Good luck.

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#8: Post by djmonkeyhater »

Something sounds not right here.

I use a newish Rocky everyday with a single group small commercial machine (Faema Compact). It's had less than 100lbs of beans through the burrs and we will choke that machine or a number of other machines I've messed with if we run it under 9. This is almost independent of the bean. When we get new beans, it goes up to maybe 12 and down to 10 by the end of the week.

I was even messing with a machine that had the pump running at 13 bar and the OPV semi-disabled and the puck stalled the pump. Rocky was not set under 10.

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#9: Post by erics »

Medic One wrote:Without purchasing a pressure reading portafilter, how can I tell if Silvia is simply running too much pressure?
Unfortunately, the majority, if not all, of the PF's you can purchase with pressure gages are lacking a quality pressure gage. You would be MUCH BETTER off by building your own. Do a search on this site for "pressure gage" or "portafilter gage".


Measure the flow in the return line using a pyrex cup while pumping with a blind filter. With a stop watch, time how long it takes to go from the 2 oz mark to the 6 oz mark or 4 oz to 8 oz etc, etc. You'll come up with 4 ounces in "X" seconds. "X" should be between 27 and 28 seconds. Adjust the OPV as necessary to get this time.

This will give you very close to 9.0 bar blind filter pressure and about 8.5 bar with a normal double-shot flow.

Practice your tamping with a bathroom scale - 20-30 lbs force is fine. The idea is to be level and consistent.

A digital scale could be one of your best accessory tools.

Eric S.
E-mail: erics at rcn dot com

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#10: Post by civ »

Hello there:
djmonkeyhater wrote: Something sounds not right here.
I have to agree.
As of late and after a couple of years or so of very consistent shots of very good (to me, of course) espresso, all of a sudden I had a number of problems with my rig. And very much like the ones you describe in you post, medic_one.

The possible culprits I searched for evidence were:

1. temperature settings and/or PID
Went through a whole range of different temps.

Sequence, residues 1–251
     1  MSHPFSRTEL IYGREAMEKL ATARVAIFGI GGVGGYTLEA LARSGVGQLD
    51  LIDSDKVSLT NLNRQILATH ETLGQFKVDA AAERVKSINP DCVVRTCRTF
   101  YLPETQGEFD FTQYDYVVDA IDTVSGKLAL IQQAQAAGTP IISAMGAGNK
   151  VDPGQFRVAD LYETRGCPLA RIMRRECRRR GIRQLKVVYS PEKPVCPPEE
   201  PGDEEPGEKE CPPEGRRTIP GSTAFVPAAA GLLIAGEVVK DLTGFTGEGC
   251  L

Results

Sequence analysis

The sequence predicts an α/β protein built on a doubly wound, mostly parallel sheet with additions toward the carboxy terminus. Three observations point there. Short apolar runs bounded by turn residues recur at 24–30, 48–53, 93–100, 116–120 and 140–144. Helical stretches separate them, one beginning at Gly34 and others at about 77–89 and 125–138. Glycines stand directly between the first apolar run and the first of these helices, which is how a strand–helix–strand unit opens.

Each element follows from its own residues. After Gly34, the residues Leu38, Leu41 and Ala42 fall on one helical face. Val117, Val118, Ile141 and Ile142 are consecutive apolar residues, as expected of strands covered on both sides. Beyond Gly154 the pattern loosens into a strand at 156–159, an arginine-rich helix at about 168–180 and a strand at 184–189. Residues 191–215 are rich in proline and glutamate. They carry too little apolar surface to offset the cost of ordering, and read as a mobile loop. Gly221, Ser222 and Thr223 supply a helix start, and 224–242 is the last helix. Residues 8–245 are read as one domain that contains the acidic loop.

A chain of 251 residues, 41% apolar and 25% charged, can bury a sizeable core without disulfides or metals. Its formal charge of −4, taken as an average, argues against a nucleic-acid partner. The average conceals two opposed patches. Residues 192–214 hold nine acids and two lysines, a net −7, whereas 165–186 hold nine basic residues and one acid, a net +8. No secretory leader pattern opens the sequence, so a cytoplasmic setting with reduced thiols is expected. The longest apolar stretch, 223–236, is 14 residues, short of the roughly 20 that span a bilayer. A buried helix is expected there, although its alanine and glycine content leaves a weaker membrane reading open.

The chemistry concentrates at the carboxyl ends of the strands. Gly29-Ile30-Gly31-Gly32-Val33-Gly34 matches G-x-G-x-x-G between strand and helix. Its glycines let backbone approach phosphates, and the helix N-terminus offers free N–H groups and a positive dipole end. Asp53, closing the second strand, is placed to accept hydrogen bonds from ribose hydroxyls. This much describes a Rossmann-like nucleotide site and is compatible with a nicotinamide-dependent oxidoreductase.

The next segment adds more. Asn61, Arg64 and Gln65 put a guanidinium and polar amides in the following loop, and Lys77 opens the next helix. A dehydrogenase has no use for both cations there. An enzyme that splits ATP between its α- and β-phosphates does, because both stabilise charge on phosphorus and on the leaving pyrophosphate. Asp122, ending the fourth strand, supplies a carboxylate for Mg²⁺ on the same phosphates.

Checked the PID probe, changed the home made TC for a Pt100, just in case.
No dice, outside probe in boiler and PF certified everything temp-wise was OK.

2. the rotary pump gone south.
So I took it offline and put the Ulka with the OVP back in.
No dice. Manometer sings the right tune before boiler and at PF.

3. grinder settings.
They had not been touched with the exception of the ocasisonal notch up/down for special weather days.
Tried a small range, ground a lot.
No dice.

4. the burrs gone bad all of a sudden.
I took the grinder apart, cleaned it and adjusted all screws, They sure didn't look bad but still I started looking up prices of new 80mm burrs. Started using a spare grinder with smaller 64mm burrs.
No dice. This smaller grinder even clogged up a bit.

5. so all the burrs in the house had gone bad all of a sudden ...?
Wait a seco ...
Can't be.

Could it possibly be the coffee that my usual purveyor (from more than two years now) swears by his mom and grandmom had been roasted just a week ago?
Nah !
The lack of that characteristic aroma on grinding should have warned me, but this guy was highly recommended.
I called him up, complained, sent the stuff back and got another batch in exchange, as 'fresh' as the one I sent back, of course.
No dice.

So just I went to another supplier and got myself a bag of Italian coffee (1Kg. bag Segafredo Premium, 25% more expensive than what I had been buying) and bingo !!!

The first shot was perfect.
No adjustments to temp, grind or pressure.

The bottom line?
It's usually the beans.

See here:

Note to Self: It's the Beans, Dummy!

Hope you get things sorted out.
Best regards,